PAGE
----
Set aside for the moment that President Obama’s defining foreign policy issue has been his propensity to reign down terror from the skies on the “radical Islamists” (Osama, Anwar Al- Awlaki, et al) and look at where Santorum goes with this – he states that Obama’s biggest failing was his inaction during Iran’s failed 2009 Green Revolution.

Now, Gregory presses him to define what he would have done differently, and Santorum outlined his “five point” plan, which included funding the pro-democracy movement in Iran, using covert operations to disrupt the Iranian government, treat nuclear scientists in Iran as enemy combatants (Really???), and demand inspections of Iran’s nuclear facilities or face an airstrike (Ok, so he only had four points in his plan).

Let’s take a look at two portions of this plan, first, the idea that we should use covert operations in Iran. Gregory pointed out that we already know that there is covert activity being done to disrupt the weapons program by Israelis and Americans. Santorum apparently, denies that, and decides to announce on television that he would use covert activities. If they are supposed to be covert activities, why is he announcing them? And is he in a position of knowledge that he knows that we aren’t already doing that? He isn’t even a government employee.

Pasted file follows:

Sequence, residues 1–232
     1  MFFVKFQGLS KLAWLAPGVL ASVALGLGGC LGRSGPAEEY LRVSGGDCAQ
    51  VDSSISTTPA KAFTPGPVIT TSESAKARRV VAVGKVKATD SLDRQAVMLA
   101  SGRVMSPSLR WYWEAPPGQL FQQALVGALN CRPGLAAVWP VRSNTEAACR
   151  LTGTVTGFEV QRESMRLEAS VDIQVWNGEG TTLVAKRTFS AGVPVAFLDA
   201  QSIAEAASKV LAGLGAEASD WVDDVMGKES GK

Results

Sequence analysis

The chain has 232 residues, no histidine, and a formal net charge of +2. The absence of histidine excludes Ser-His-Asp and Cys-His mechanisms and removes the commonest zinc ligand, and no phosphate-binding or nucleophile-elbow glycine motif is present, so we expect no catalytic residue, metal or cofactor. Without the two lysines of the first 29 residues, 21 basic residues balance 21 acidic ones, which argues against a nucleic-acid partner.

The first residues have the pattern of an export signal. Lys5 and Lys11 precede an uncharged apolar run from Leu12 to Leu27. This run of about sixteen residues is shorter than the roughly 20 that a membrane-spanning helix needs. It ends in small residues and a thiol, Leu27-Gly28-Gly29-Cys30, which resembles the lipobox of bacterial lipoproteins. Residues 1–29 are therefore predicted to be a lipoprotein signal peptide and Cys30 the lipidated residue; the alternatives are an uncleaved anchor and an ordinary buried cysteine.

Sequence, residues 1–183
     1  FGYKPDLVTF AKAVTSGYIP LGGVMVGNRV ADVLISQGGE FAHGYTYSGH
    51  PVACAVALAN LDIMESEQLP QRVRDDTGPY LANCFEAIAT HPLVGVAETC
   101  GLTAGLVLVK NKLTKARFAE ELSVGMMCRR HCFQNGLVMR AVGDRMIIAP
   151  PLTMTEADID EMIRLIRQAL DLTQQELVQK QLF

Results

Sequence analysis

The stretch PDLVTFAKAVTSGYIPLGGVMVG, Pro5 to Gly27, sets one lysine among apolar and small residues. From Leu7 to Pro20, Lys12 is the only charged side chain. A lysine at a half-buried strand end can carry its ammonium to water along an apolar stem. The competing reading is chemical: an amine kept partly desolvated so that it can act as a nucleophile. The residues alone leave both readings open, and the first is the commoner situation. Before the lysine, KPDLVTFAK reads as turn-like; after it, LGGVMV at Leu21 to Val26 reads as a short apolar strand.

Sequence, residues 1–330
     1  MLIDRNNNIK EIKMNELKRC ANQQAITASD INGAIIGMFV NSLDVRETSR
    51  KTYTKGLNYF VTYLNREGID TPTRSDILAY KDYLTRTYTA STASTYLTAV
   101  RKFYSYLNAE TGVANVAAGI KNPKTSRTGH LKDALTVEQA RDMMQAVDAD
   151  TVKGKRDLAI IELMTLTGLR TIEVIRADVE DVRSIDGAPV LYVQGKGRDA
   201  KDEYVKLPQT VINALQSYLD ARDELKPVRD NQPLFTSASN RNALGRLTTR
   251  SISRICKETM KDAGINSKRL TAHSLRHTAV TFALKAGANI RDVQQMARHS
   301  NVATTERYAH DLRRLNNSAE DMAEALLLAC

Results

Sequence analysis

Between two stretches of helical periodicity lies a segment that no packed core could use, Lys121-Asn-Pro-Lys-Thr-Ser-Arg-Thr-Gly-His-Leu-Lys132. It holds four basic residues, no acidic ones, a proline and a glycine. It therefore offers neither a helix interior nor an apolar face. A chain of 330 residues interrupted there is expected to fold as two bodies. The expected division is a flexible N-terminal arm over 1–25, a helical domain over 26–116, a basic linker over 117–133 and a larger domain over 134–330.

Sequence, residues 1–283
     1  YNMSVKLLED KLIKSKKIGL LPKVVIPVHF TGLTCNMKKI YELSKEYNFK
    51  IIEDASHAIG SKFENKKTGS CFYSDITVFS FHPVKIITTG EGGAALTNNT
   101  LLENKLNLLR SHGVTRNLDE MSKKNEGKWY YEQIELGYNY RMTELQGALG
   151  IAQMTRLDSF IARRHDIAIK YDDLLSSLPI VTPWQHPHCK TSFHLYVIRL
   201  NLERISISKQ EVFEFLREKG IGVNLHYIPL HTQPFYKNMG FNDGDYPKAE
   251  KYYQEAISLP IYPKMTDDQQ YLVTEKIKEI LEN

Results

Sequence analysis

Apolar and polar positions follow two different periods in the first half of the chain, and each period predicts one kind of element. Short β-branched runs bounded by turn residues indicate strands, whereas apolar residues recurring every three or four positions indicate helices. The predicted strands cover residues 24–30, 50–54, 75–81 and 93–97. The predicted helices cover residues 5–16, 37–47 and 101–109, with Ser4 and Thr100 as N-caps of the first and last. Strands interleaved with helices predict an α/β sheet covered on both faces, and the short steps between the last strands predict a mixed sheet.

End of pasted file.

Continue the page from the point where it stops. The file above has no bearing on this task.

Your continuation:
Secondly, Santorum went on the record stating that he would bomb Iran because “you can’t go out and say this what I’m for and then do nothing. You become a paper tiger and people don’t respect our country.” There you have it folks. Santorum will bomb Iran because that’s how you earn respect in the international community. Now, as someone who lived in Europe during the height of Iraq war, I can tell you that bombing a Middle Eastern country to disarm them does not bring about feelings of respect. Contempt is more like it.

Now, that brings us to the real jaw dropping moment of the interview, the point where my unlikely positive feelings towards Santorum disappeared into a foreign policy nightmare. When Gregory pressed Santorum over the issue of Iran’s green revolution, Santorum said that Obama should had supported those democracy protesters, and that it was inconsistent that we did nothing in Iran, but then supported the democracy movement in Egypt.

Now, to be clear, Santorum is not praising Obama for his handling of the Egyptian protests that toppled a dictator and brought democracy to millions of people – No, he is criticizing the President for supporting the “Muslim brotherhood and Islamists” and for assisting in bringing down our ally, Mubarak.